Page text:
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Pinter at the Pinter Five and Six starring John Simm, Celia Imrie and Rupert Graves – review round-up

The Company in Pinter Six. Photo: Marc Brenner The Company in Pinter Six. Photo: Marc Brenner
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Pinter at the Pinter, Jamie Lloyd’s season of one-act Pinter plays at the West End theatre bearing the playwright’s name, rolls on into the new year, lighting up 2019 with two more star-studded instalments. Bear with it – there’s only one more edition to come: Betrayal, starring Tom Hiddleston.

For Pinter Five, Lloyd has handed the reigns over to writer and director Patrick Marber. Rupert Graves and Jane Horrocks lead a six-strong cast in a triple-bill of revivals: 1957’s The Room (Pinter’s first play), 1982’s Victoria Station, and 1981’s Family Voices.

Lloyd is back in charge for Pinter Six, directing John Simm, Celia Imrie, Gary Kemp, Ron Cook, and others in revivals of Celebration, Pinter’s last play, which premiered in 2000, and Party Time, which first debuted in 1991.

But how well do Pinters Five and Six stack up next to previous productions? Do the critics think the crack cast can cope with Pinter’s powerful plays? Does Lloyd see the new year in with style? Fergus Morgan rounds up the reviews.

Nicholas Woodeson and Rupert Graves in Pinter Five. Photo Marc Brenner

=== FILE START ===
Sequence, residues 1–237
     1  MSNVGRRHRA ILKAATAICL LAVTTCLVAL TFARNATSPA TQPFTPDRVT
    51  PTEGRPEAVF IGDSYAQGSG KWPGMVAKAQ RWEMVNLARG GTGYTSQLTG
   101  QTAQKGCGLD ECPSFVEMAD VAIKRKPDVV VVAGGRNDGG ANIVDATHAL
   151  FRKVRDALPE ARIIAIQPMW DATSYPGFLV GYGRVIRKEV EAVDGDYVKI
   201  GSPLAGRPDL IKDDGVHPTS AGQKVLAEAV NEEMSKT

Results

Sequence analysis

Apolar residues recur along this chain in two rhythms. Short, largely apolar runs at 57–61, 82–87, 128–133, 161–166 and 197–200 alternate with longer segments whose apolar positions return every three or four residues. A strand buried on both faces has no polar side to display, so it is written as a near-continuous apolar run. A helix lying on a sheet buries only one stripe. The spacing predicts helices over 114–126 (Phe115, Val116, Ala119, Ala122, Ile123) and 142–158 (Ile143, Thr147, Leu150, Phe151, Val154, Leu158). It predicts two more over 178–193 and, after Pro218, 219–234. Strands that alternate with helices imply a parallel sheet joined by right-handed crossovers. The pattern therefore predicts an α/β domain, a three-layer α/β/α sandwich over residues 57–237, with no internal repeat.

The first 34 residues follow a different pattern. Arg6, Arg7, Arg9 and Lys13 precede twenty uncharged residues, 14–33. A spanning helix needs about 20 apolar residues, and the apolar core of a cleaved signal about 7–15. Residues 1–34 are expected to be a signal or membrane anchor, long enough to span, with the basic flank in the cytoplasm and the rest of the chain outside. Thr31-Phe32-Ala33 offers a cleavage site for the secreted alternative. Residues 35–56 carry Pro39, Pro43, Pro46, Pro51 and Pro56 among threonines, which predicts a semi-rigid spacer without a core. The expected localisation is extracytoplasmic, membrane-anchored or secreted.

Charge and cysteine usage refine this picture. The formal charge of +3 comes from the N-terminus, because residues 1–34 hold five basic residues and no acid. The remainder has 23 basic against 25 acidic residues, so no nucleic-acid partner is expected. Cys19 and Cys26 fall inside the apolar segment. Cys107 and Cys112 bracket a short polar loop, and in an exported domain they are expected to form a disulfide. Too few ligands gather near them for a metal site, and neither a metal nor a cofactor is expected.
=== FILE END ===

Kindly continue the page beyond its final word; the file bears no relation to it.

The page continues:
Nicholas Woodeson and Rupert Graves in Pinter Five. Photo Marc Brenner

Pinter at the Pinter – Faltering five

Pinter Five sees Lloyd finally arrive at the playwright’s first work – The Room. Written in 1957, it sees a married couple in a rooming house plagued by a series of loquacious visitors. And most critics think Marber’s production serves it superbly.

“It’s a fascinating opportunity to see him carving out his identity as a writer,” says Natasha Tripney (The Stage, ★★★). “Many of the tropes that would come to define him are already in evidence – a keen ear for speech patterns, a way of making the most mundane utterance feel deeply unsettling, a pervading sense of menace. The pieces are all in place.”

“Watching it in this sensitive, powerfully acted revival,” chimes Michael Church (Independent, ★★★★), “you marvel at how strongly formed the dramatist’s creative identity seems to have been from the outset. The atmosphere of undefined menace; the surreal banalities of everyday speech; the sense of treacherous, dizzying chasms lurking beneath the crust of diurnal existence; the horror of intruders invading personal space.”

Marber’s revival is “devastating” according to Sarah Crompton (WhatsOnStage, ★★★★). “Marber directs all three plays with absolute control,” she writes, “allowing space for the language to breathe while never losing his precise overall sense of the multiple layers within each piece.”

But if there’s unanimous praise for The Room, it’s a different story with its two companion pieces: Victoria Station, a 10-minute comic sketch featuring a cab driver and his controller, and Family Voices, a radio play about a young runaway in another sinister rooming house.